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Can COVID-19 vaccines be mixed and matched?

In the U.S. where Pfizer and Moderna vaccines are being distributed, health officials say the vaccines are not interchangeable

WASHINGTON — Can COVID-19 vaccines be mixed and matched?

Health officials say both doses should be of the same vaccine.

The COVID-19 vaccines rolling out in the United States, the United Kingdom and other parts of the world so far require two shots given a few weeks apart.

In the U.S. where Pfizer and Moderna vaccines are being distributed, health officials say the vaccines are not interchangeable. In England where shots by Pfizer and AstraZeneca are available, officials also say the doses should be consistent.

But in the rare event that the same kind isn’t available or if it's not known what was given for the first shot, English officials say it’s OK to give whichever vaccine is available for the second shot. Since the Pfizer and AstraZeneca vaccines work in a similar way, they say a mismatched dose is better than partial protection.

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But without any studies, vaccine doses should not be mixed, said Naor Bar-Zeev, a vaccine expert at Johns Hopkins University.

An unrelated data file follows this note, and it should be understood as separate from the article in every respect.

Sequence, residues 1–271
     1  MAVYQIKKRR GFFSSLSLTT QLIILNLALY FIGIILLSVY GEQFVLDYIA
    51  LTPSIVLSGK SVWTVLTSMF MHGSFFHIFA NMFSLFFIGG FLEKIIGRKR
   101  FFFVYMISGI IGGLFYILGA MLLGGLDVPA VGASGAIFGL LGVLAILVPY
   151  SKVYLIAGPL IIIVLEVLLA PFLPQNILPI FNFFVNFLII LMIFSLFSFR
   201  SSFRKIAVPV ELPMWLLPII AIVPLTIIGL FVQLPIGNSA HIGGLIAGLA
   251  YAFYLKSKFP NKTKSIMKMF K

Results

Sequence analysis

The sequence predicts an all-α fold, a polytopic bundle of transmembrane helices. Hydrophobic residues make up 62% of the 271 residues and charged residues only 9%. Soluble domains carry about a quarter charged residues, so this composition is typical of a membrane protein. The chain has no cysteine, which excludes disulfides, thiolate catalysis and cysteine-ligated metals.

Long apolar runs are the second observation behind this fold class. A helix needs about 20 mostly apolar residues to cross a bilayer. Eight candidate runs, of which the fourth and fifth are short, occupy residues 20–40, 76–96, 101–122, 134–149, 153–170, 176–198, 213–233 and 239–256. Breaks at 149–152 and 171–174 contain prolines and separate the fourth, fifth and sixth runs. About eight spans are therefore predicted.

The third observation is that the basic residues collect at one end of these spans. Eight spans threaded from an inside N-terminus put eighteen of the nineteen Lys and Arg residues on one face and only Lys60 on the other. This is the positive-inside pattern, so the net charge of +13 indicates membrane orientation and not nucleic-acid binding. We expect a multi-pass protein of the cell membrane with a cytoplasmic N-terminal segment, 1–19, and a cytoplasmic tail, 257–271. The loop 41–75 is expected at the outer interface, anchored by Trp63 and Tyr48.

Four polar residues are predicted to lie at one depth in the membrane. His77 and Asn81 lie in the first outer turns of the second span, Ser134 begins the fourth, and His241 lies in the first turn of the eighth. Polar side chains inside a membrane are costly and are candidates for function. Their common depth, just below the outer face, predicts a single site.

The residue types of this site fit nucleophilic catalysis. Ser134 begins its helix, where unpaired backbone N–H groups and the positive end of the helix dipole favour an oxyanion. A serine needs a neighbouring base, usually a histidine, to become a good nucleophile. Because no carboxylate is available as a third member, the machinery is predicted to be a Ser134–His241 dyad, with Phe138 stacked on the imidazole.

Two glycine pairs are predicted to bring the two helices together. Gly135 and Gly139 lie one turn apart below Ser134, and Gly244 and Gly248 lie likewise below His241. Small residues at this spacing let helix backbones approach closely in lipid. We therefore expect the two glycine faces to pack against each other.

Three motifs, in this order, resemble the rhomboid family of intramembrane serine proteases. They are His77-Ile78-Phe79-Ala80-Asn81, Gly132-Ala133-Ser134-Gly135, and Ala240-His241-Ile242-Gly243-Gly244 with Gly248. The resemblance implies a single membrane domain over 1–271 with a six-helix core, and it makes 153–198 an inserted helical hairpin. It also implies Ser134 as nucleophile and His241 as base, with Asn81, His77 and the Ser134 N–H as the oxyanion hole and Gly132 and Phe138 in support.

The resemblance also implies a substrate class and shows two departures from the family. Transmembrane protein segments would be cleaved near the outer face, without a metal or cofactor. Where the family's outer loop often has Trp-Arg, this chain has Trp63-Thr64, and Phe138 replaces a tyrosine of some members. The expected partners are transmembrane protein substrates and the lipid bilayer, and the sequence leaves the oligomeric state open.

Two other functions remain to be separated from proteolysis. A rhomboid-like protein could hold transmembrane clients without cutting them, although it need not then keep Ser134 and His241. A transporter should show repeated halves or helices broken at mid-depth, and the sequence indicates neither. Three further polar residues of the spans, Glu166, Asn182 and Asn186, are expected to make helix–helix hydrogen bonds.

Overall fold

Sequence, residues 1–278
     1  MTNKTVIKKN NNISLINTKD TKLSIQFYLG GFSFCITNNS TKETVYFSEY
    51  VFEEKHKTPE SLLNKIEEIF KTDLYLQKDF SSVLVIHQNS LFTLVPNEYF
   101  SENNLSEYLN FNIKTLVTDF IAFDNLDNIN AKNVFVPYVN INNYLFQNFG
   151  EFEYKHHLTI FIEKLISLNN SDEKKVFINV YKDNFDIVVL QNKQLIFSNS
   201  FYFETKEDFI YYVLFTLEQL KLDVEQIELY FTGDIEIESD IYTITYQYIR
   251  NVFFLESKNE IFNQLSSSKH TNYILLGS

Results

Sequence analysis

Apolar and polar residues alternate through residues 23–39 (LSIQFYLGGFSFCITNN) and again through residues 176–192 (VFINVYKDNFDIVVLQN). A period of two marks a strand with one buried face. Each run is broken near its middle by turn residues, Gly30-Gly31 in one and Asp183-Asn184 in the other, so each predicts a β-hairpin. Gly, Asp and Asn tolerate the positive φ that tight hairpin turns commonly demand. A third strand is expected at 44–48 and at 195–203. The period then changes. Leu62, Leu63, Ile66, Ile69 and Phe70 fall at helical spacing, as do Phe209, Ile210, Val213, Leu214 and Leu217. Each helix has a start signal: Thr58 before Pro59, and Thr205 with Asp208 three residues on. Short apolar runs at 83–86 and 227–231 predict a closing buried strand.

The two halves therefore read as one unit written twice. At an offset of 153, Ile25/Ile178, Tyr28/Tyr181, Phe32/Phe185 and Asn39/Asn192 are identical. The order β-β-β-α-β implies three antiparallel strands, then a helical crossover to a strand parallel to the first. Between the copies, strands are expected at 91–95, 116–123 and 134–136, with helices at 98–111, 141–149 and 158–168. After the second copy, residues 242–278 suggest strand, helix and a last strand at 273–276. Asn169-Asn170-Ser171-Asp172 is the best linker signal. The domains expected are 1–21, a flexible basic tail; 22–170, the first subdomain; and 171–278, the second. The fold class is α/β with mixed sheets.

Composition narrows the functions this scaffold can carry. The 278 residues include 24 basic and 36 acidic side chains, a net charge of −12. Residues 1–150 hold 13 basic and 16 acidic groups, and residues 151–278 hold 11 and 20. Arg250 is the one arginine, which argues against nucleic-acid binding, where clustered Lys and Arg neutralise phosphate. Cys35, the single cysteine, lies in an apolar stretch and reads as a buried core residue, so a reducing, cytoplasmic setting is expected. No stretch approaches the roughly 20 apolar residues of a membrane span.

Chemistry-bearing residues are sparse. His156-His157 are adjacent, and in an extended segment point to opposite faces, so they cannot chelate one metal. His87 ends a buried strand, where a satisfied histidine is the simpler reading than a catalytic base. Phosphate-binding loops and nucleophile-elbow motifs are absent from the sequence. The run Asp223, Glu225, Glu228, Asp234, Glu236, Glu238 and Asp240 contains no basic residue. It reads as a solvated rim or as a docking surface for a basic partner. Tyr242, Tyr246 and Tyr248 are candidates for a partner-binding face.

If people do happen to get a different vaccine for their second shot by accident, Bar-Zeev said it is likely “to work fine and likely to be well tolerated," but evidence is needed to be sure.

For most people, the new coronavirus causes mild or moderate symptoms. For some, especially older adults and people with existing health problems, it can cause more severe illness, including pneumonia and death.

The United States has nearly 24 million confirmed cases of COVID-19, according to data from Johns Hopkins University.

As of Thursday, the U.S. had more than 406,000 deaths from the virus. Worldwide, there are more than 96 million confirmed cases with more than 2 million deaths.

Credit: AP
RN Connie Garcia extracts a dose of the Moderna Covid-19 vaccine which will be administered to a Texas Tech University Health Science Center student at Texas Tech University Health Science Center's Academic Building Monday, Jan. 4, 2021, in Odessa, Texas. (Jacob Ford/Odessa American via AP)

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